1. Measuring Food and Health
Lesson Plans for Measuring Food and Health
These learning activities cover everything in the IB guide for this topic. Lesson plans include resources to use on an interactive whiteboard and worksheets to print. The pages have full student access to give maximum flexibility to the teacher and the student. There are theoretical notes for extended reading and teacher notes at the top that provide timing information lesson objectives and activity instructions.
1. Measuring Food and Health
Global patterns in food/nutrition indicators, including the food security index, the hunger index, calories per person/capita, indicators of malnutrition
The nutrition transition, and associated regional variations of food consumption and nutrition choices
This page introduces the geography of food and health and contains resources to support a thought provoking introductory lesson into the theme. It sets out some key concepts and skills and develops in brief, some of the key content developed later in sub-pages. The sub-pages provide a full set of resources sufficient to teach the unit in full or to dip into as you choose. As with other courses, skills and concepts are integrated into the resources as well as the approaches to learning.
This pages introduces global patterns of food and nutrition. It defines key concepts and measurements. Students explore the patterns within a number of interactive contemporary maps based around the issues of hunger and food security. Students then work on interpreting the Food Security Index and the Global Hunger Index, describing the patterns, components, differences and uses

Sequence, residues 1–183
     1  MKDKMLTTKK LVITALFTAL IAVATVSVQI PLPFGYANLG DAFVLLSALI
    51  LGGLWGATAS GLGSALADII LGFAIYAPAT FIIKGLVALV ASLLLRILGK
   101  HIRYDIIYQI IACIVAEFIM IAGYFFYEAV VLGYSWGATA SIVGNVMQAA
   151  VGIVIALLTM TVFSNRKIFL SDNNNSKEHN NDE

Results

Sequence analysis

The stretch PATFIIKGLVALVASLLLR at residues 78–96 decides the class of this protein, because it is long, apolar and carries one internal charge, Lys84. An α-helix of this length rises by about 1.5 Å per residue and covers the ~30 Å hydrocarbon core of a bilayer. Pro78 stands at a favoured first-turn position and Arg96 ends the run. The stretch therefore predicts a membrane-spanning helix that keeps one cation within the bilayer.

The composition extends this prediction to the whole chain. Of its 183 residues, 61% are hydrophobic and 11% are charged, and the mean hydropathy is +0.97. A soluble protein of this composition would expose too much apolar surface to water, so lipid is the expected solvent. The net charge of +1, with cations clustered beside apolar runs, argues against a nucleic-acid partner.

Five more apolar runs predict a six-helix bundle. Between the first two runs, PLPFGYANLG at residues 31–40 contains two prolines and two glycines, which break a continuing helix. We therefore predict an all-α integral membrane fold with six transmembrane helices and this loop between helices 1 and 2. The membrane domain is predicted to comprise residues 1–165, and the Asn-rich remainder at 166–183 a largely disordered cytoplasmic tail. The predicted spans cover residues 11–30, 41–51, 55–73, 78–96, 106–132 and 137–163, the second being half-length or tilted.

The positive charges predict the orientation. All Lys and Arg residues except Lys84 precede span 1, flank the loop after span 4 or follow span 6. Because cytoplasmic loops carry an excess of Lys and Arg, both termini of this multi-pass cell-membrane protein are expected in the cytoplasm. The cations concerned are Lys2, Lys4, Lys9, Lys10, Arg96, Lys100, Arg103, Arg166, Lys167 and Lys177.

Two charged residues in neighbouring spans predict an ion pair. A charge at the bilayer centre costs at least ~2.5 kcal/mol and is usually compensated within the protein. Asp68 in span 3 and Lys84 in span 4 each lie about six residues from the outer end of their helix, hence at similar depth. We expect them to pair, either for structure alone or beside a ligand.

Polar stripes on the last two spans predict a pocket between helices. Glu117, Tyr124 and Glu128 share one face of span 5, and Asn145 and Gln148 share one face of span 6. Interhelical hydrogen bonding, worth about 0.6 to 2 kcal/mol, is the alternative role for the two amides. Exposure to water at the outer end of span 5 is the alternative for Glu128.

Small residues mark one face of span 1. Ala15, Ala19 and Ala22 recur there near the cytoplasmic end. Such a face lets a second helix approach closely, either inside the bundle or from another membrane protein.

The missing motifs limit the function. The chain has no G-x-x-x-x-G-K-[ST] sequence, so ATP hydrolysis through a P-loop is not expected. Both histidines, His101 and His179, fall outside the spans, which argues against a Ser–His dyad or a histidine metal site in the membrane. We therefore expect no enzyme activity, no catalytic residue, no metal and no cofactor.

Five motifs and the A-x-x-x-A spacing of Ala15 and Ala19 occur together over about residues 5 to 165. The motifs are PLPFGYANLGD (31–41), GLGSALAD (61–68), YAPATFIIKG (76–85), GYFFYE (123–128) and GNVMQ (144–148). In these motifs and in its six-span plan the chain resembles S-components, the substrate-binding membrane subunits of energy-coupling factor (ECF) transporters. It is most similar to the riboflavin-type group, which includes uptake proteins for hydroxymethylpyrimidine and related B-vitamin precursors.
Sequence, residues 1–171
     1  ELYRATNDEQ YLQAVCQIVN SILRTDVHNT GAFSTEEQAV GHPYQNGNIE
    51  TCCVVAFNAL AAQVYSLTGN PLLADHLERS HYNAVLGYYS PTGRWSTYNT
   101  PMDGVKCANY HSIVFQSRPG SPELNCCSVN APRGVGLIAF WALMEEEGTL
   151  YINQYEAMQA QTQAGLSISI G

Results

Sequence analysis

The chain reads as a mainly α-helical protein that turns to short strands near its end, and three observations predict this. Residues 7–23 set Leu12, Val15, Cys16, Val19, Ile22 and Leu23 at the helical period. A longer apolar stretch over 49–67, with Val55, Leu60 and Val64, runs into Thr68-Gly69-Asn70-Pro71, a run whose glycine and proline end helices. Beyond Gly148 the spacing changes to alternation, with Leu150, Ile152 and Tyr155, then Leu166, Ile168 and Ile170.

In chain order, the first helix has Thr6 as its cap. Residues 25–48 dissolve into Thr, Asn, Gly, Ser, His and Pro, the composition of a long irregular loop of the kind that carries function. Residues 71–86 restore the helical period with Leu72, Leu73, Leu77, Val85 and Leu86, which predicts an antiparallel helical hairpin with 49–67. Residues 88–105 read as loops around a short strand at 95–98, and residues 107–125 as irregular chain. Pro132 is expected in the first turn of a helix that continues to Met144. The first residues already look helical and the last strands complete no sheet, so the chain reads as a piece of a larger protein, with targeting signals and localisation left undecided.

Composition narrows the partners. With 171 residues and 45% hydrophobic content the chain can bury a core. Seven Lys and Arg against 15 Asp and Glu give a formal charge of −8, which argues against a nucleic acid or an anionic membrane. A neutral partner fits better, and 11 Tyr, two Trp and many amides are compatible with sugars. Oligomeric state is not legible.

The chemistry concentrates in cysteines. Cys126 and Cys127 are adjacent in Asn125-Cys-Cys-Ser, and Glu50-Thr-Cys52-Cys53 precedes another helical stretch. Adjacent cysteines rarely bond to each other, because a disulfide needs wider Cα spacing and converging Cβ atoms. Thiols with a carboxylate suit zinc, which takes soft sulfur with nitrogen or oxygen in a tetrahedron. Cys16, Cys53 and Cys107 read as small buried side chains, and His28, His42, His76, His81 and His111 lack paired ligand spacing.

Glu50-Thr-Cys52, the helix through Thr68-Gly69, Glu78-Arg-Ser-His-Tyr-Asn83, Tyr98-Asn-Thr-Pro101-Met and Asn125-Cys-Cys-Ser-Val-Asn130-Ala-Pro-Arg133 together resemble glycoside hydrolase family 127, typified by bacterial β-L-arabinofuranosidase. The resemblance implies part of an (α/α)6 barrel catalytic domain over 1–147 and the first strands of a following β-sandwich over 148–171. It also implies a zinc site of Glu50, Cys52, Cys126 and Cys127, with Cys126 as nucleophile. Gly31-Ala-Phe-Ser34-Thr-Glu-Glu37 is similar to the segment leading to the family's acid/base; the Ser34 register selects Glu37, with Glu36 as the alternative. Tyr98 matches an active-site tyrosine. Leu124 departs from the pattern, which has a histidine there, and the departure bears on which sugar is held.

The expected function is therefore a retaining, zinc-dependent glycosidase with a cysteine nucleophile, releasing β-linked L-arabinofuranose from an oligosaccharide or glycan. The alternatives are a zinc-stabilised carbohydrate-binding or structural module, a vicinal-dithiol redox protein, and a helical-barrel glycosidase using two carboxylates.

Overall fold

The following page uses a number of resources including worksheets adapted from Popkin's model to explore how the nutrition transition varies from region to region. It then begins to critique the model by introducing the double burden through a WHO infographic and a number of country profiles in both video and PDF. It concludes with a student investigation into the health profile of Mali.
Global patterns in health indicators, including health-adjusted life expectancy (HALE), infant mortality, maternal mortality, access to sanitation and the ratio between doctors/physicians and people
The epidemiological transition, the diseases continuum (diseases of poverty to diseases of affluence), and the implications of a global ageing population for disease burden.
This page provides class resources to introduce the topic of health in the world. It presents a positive overview of the current situation regarding life expectancy. Students investigate the current world health context through a number of key resources including, a short class survey, Hans Rosling and an interactive health map and database by the the World Health Organisation.
This page provides a number of excellent class resources for investigating the different types of health indicators. The page introduces the different types of health indicators in depth, provides you current data and enables students to explore the strengths and limitations of each health indicator in a fun and informative way rooted in enquiry.
The students are introduced to the epidemiological transition through a number of graphs, maps and resources. Students investigate the patterns of disease at different stages of development and come to understand and explain the transition from communicable disease to noncommunicable disease. This is explained through development factors and lifestyle choices. Toward the end of the topic students come to realize that with rapid development and migration in our ever connected world countries are faced with the challenges of a double burden.